BRICS is no alternative to the EU

A pro-Russian junior partner in Serbia’s government has proposed the country join BRICS—amid that organisation’s enlargement—instead of the European Union. As of now, the scale, scope, and aim of BRICS are hardly comparable with the EU.  

Serbia’s Socialist Movement (PS)—a junior partner in the ruling Serbian Progressive Party (SNS) coalition—has submitted a resolution to parliament urging the country to limit “Western hegemony” and ensure the “fundamental reform” of international financial institutions by joining the BRICS bloc. Named for its members—Brazil, Russia, India, China, and South Africa—the bloc agreed to accept new members at its August meeting for the first time since South Africa joined in 2010.  

“Aware of the fact that the world we live in is changing irrevocably, we express the need to open a broad social dialogue before the public of the Republic of Serbia about the indisputable fact that Serbia’s so-called European path has a clear alternative embodied in the process of joining the BRICS organisation, as currently the most current global economic-political integrative process,” says the PS resolution.  

Milorad Dodik, the leader of Bosnia’s Serbs, made a similar suggestion this week, suggesting that Bosnia and Herzegovina should apply to join BRICS as an alternative to the European Union.

The PS is led by Aleksandar Vulin, head of Serbia’s principal intelligence agency. During the 1990s, Vulin was a close political ally of Mirjana Marković, the wife and government partner of former-Serbian leader Slobodan Milošević. He was blacklisted by the United States for alleged corruption and the promotion of Russian interests this July.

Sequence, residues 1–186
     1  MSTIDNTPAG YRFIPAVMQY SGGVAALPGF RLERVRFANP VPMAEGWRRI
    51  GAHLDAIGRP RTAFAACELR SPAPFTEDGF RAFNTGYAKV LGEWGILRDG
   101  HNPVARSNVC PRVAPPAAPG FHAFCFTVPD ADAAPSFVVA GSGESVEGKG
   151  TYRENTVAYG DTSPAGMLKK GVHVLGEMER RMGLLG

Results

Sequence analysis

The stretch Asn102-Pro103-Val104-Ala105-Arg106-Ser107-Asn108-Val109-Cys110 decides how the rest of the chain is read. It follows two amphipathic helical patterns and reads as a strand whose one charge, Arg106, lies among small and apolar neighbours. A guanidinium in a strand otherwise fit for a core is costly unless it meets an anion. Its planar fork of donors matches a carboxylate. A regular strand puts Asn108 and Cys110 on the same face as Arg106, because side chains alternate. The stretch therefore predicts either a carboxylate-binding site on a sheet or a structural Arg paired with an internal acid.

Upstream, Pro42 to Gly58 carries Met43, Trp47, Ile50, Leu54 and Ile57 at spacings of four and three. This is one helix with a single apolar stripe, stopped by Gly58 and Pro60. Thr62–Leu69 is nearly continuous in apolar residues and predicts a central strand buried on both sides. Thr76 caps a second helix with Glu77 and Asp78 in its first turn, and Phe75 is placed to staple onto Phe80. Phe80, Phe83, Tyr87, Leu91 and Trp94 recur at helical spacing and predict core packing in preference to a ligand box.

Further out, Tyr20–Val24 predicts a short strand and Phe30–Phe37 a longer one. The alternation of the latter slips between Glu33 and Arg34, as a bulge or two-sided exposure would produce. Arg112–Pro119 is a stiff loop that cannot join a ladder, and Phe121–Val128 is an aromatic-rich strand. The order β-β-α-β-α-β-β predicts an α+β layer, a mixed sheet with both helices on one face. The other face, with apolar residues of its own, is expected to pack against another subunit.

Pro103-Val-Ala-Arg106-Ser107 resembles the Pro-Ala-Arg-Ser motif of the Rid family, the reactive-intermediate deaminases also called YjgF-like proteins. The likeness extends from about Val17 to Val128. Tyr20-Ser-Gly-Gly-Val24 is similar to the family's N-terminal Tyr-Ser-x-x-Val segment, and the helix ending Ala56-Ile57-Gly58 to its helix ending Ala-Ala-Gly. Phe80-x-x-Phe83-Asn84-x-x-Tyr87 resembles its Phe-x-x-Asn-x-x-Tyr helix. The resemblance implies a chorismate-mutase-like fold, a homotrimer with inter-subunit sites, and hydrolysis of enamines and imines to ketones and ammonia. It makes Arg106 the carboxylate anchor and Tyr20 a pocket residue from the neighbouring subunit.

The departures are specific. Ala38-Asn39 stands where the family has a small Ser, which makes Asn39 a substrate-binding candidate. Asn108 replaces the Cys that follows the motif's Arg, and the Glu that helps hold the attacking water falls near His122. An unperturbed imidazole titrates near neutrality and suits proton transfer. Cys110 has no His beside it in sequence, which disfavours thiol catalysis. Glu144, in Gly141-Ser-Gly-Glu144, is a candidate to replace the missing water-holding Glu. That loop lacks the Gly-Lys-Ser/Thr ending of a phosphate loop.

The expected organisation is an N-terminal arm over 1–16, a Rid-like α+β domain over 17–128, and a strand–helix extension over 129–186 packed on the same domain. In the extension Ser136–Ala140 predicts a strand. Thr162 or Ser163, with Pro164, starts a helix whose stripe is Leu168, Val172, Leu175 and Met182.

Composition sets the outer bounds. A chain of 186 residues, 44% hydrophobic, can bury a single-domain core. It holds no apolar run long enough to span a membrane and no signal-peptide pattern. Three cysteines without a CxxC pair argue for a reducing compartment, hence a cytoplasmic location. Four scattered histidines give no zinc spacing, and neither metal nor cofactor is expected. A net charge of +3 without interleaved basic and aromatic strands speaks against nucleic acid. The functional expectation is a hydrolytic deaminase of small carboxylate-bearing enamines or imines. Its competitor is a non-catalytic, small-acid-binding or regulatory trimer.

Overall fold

Serbia applied to join the EU in 2009, but public support for accession has waned as the long process has dragged on. A poll conducted in June found that the 46.7 per cent of Serbians opposed entry into the EU compared to 43.7 per cent in favour.  

The Non-Aligned Movement (NAM), originally Third World states uninterested in both the American- or Soviet-led Cold War blocs, was founded in Belgrade by then-Yugoslav leader Josip Tito and the leaders of India, Egypt, Ghana, and Indonesia. Its mission was to fight “against imperialism, colonialism, neo-colonialism, racism, and all forms of foreign aggression, occupation, domination, interference or hegemony as well as against great power and bloc politics.”  

Since the end of the Cold War, the NAM has continued to promote collaboration between countries in the Global South even as its members have re-aligned after the Soviet Union’s collapse. 

The five namesake states of BRICS are all NAM members or observers. This month, BRICS invited five NAM members—Egypt, Ethiopia, Saudi Arabia, Iran, and the United Arab Emirates—and NAM observer Argentina to join it.  

There is still significant nostalgia in Belgrade for the era when it was a major player on the global stage. Some there see BRICS as a new NAM—despite its member, Russia, being anything but “non-aligned” and opposed to aggression and occupation. 

Narrow common ground among rivals  

Although it does promote collaboration between the countries of the Global South, unlike the NAM, BRICS was not founded on shared foreign policy principles. Instead, BRICS—initially BRIC, before South Africa joined—was originated by Goldman Sachs analyst Jim O’Neill as an acronym for large developing economies he thought would grow rapidly.  

Although Goldman Sachs eliminated its BRIC fund in 2015, after it lost 21 per cent in five years and prompted an exodus of investors, the leaders of those countries began to meet as an economic forum to accelerate their development and boost their global standing.